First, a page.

she needs no such redemption. johnnie boy's just lucky he didn't do that cheating shit on a rez princess. apache girls carry knives and stuff, and they know just where to fucking cut to boot. (part of the miss navajo pageant is slaughtering, butchering a sheep and bbq'ing its ass. it would take an indin girl about three minutes cut edwards down to manageable size)

i was impressed with my brief encounter with elizabeth. if she were running i'd be there.

Anonymous Richard Blair said...
Beautiful, Jill. I remember well when you were frantic online about the event.

I really can't add much to what you so eloquently expressed. There were many of us (me included) who were taken in by a message that resonated so loudly in our progressive souls.

And it hurts. It really hurts to find that our passion for these flawed people was not only unrewarded, but ultimately undeserved.

What was the passion really about, though? It was about the message, as much as the messengers. We can't lose sight of that. Ever.

Anonymous Susie from Philly said...
Nice work, Jill. Since we're all adults here, we might be able to expand our brains enough to make room for the notion that people can do really shitty things and still be basically decent, honorable people.

As someone who's seen a few marriages fall apart after cancer, I'd like to remind people that the sick spouse often distances themselves from the healthy spouse, and vice versa. It's a complex reaction and I don't have to stereotype those people or judge how some people deal with unthinkable pain.

Can we also acknowledge that lying about adultery is in a somewhat different class than lying about your taxes, or your policy proposals?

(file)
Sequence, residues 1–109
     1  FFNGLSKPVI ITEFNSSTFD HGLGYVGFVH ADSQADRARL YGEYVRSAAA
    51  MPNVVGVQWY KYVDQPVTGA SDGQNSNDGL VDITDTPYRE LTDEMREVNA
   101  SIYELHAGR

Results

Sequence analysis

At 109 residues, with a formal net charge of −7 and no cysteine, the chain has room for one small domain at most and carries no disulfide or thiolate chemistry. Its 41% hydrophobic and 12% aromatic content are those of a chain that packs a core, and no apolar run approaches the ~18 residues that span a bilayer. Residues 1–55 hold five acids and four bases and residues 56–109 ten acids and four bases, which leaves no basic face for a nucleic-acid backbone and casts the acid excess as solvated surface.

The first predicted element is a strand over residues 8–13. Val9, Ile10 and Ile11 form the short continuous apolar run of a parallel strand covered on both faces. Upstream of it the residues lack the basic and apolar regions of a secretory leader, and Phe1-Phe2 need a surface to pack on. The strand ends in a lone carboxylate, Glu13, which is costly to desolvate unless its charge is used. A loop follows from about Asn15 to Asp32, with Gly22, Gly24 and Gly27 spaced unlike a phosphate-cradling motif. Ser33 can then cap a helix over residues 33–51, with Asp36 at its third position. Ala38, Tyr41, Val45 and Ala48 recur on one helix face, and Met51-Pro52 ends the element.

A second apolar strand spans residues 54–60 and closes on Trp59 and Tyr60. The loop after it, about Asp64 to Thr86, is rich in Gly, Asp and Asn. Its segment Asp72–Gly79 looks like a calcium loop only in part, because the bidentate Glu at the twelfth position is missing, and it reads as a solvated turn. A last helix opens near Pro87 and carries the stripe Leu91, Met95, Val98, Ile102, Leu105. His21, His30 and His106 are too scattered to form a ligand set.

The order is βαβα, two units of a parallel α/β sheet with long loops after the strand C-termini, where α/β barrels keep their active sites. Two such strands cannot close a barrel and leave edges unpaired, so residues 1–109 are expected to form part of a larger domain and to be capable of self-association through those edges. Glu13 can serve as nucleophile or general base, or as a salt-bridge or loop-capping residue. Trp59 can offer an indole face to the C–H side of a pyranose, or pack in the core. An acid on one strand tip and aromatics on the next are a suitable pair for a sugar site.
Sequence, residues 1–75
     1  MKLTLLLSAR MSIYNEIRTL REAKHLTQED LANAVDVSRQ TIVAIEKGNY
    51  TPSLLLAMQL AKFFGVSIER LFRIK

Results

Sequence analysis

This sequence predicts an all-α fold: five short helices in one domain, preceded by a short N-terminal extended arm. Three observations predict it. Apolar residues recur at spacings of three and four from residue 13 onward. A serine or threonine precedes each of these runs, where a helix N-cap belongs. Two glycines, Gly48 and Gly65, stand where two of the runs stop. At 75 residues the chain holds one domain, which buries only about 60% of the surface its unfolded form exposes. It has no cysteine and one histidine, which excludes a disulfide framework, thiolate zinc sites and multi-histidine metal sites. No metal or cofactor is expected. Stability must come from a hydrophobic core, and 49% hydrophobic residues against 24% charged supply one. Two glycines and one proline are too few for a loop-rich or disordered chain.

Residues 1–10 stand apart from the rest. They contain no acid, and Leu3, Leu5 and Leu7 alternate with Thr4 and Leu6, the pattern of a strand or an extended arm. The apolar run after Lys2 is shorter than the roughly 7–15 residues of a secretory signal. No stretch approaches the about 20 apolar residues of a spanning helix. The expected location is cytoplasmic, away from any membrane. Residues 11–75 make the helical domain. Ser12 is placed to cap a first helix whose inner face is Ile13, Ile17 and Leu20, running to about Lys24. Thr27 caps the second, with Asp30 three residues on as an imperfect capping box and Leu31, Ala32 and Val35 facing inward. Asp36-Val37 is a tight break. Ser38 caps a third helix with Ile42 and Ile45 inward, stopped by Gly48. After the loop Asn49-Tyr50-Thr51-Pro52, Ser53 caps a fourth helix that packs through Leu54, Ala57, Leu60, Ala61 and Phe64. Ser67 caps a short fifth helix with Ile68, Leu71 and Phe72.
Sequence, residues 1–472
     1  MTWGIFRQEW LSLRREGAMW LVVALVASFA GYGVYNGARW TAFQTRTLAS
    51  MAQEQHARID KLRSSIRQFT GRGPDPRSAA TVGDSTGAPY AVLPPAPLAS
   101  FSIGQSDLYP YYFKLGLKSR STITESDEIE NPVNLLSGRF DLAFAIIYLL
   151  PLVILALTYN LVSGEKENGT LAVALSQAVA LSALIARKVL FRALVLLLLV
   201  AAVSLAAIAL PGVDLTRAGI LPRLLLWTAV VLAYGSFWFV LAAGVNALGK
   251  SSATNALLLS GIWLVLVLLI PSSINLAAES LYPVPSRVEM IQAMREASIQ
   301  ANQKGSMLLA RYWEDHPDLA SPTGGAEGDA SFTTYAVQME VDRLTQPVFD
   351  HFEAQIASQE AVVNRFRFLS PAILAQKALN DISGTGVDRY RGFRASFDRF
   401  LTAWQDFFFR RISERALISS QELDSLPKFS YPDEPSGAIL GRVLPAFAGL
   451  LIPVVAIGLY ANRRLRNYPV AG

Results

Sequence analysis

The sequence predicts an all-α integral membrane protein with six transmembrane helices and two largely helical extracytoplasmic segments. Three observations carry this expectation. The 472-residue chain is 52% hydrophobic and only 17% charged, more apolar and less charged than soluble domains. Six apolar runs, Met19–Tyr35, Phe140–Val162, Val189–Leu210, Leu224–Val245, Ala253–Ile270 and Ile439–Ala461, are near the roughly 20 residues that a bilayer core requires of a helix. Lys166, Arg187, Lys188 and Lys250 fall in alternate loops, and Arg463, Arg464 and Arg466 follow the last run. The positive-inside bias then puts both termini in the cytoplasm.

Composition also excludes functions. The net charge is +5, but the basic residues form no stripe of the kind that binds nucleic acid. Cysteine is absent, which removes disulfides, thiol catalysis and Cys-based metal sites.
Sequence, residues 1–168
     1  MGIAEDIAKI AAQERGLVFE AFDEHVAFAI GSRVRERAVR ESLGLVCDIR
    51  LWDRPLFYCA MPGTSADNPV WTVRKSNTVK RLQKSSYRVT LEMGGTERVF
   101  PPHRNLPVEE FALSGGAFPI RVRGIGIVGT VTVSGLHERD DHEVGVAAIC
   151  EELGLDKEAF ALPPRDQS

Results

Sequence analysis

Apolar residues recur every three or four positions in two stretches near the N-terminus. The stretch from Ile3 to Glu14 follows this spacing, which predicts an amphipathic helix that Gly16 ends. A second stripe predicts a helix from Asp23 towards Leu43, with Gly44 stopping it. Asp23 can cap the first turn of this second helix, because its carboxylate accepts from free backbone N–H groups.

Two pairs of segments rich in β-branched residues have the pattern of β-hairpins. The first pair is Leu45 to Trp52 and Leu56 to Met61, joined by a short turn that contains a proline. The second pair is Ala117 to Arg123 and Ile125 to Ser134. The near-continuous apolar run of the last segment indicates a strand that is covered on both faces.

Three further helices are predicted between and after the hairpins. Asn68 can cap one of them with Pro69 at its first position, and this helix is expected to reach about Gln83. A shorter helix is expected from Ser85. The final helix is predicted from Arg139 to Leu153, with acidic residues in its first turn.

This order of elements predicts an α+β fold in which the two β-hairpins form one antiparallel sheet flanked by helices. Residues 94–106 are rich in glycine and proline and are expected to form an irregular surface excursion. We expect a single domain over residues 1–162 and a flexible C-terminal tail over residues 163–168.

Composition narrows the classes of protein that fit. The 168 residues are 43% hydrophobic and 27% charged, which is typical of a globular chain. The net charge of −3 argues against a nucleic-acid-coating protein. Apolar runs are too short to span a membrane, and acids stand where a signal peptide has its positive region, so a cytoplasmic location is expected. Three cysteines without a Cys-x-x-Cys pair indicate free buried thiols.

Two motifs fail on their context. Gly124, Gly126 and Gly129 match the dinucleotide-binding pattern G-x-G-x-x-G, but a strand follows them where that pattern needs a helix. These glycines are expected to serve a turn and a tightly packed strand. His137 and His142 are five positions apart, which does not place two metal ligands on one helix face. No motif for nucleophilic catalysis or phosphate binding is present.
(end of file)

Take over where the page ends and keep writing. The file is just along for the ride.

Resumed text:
I don't doubt that John Edwards loved his wife. Let's not act as if adultery can't co-exist with married love -- it does, and in more marriages than you'll ever know. Affairs are usually an attempt to cope with something and while the cheater may not choose the most honorable way, neither is it the worst. It is simply misguided.

Blogger Bob said...
Thanks for the defense. I believe she had a real committment to health care reform & family issues during that brief campaign. If she was phony in what she advocating, you would've picked up on it. John Edwards put a really good platform out there on the website. It was "family values" for rest of us. But the self & collective deception of the campaign was mind-boggling.

Anonymous charles pierce said...
This may be the best blog post I've ever read.
Thanks, Jill.

Blogger Melina said...
Beautiful Jill...just fantastic writing from the heart.

The thing that disappoints me the most is the account by Elizabeth herself of when she supposedly found out, and it was a pivotal moment, and she encouraged John to keep up the facade in order to wield his power in dropping out. In continuing this sham and still attempting to win the primaries they both took the chance, the very likely possibility, that this would come out in a presidential election, and if that happened we would have McCain and Palin.

Its one thing to manipulate The Two America's and a focus on poverty into the platform of an Obama or Clinton, but clearly another to take the chance that something could happen to mess up the other candidates and spring him into the top spot. One slip or blunder by a candidate can change the game within a day or an hour...and they decided to take that chance together; actually taking a chance for all of us.

Its a huge disappointment that John picked such a flake and its so fucking predictable that he would gravitate to someone so opposite of the woman who had been his intellectual rival and wife. There is something about these political unions that is scary contrived and competitive, where the wife almost has to take a backseat and if she happens to be a smart powerhouse herself, it can become pathological....and I do think that people can tell the kind of ambitious young lawyer they are marrying. It must be apparent in all that community organizing etc...they are the kind of people who are told that they should run for office all the time.

I would love it if Elizabeth hadn't entered into a pact of secrecy with John but rather had grabbed the nearest board and chased him through the crowd like Elin Woods with her golf club. But she didn't; she told him to keep it quiet for the time being.

This is some sort of shared delusion...and I feel sorry for them both...and for the country because we have lost someone who could have been a great leader if his personal problems hadn't gotten in the way.